Your call is (not) important

My health provider has launched a mobile app a while back. It is pretty handy, as it gives you access to your health history, the booking system, the possibility to consult with a doctor remotely, and other useful stuff.

Today the app failed on me for some reasons, and the error page prompted me to contact customer service to complete what I was doing.

I had to first visit the website from the mobile browser, as the customer service number was nowhere to be found in the mobile app. I called and, after being informed that the call would be recorded for improving the service, I was put in line. Our operators are busy at the moment, if you want you can book an appointment with our app. I realised in the meantime the call was not free. We are still busy, we will answer the phone calls in the order we have received them. Five minutes later, an operator answered and I got the issue sorted in about a minute and a half.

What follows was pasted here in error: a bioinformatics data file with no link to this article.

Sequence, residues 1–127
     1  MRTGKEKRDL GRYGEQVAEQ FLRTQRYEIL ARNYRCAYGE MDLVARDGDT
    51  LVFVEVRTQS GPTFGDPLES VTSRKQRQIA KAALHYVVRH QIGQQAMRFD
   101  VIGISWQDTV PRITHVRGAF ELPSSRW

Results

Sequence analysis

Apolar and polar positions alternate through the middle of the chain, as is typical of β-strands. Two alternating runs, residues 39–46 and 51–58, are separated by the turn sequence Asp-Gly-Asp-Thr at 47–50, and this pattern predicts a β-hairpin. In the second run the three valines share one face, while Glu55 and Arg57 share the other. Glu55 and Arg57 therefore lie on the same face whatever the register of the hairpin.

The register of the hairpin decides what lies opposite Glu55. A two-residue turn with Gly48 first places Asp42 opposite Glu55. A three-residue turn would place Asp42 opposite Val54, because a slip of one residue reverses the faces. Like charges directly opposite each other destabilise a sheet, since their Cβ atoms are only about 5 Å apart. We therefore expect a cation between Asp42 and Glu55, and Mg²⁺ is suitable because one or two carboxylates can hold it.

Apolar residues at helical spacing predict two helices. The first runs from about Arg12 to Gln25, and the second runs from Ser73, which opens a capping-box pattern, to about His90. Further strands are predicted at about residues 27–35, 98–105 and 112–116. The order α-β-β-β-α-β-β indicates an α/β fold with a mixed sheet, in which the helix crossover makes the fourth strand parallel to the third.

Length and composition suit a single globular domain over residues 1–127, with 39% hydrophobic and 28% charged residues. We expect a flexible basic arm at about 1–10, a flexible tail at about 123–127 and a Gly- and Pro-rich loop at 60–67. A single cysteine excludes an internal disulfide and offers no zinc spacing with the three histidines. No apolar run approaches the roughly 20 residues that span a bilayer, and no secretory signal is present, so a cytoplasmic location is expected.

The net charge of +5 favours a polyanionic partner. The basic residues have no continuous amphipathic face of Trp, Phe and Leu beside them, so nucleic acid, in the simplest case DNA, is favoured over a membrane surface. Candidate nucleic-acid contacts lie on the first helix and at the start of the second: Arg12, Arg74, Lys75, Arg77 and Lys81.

Who pays the price for your faults?

Often, it is the customer. The one you want to serve, the one that already had to endure a disservice and embrace to get on the phone instead of going about their business, the one that can tell others and spread the word.

If your system is designed to ditch responsibility (and costs) when something goes wrong, how do you expect your people to own their failures? How will you get better at doing what you do?

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